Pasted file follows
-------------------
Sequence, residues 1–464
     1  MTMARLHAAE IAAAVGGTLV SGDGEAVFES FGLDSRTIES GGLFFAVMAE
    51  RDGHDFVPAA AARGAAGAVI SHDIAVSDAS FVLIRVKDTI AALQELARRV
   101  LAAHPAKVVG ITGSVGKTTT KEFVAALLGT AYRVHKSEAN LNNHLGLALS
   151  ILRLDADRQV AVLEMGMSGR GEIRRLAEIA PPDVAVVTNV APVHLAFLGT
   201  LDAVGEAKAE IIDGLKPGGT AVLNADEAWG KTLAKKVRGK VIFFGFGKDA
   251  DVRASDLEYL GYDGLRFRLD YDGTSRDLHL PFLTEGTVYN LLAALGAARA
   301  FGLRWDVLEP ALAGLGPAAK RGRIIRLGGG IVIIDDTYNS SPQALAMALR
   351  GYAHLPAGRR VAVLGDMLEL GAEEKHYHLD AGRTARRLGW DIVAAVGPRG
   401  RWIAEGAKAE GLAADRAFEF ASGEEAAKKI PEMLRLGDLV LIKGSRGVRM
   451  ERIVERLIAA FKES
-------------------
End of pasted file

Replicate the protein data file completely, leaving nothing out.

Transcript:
Sequence, residues 1–464
     1  MTMARLHAAE IAAAVGGTLV SGDGEAVFES FGLDSRTIES GGLFFAVMAE
    51  RDGHDFVPAA AARGAAGAVI SHDIAVSDAS FVLIRVKDTI AALQELARRV
   101  LAAHPAKVVG ITGSVGKTTT KEFVAALLGT AYRVHKSEAN LNNHLGLALS
   151  ILRLDADRQV AVLEMGMSGR GEIRRLAEIA PPDVAVVTNV APVHLAFLGT
   201  LDAVGEAKAE IIDGLKPGGT AVLNADEAWG KTLAKKVRGK VIFFGFGKDA
   251  DVRASDLEYL GYDGLRFRLD YDGTSRDLHL PFLTEGTVYN LLAALGAARA
   301  FGLRWDVLEP ALAGLGPAAK RGRIIRLGGG IVIIDDTYNS SPQALAMALR
   351  GYAHLPAGRR VAVLGDMLEL GAEEKHYHLD AGRTARRLGW DIVAAVGPRG
   401  RWIAEGAKAE GLAADRAFEF ASGEEAAKKI PEMLRLGDLV LIKGSRGVRM
   451  ERIVERLIAA FKES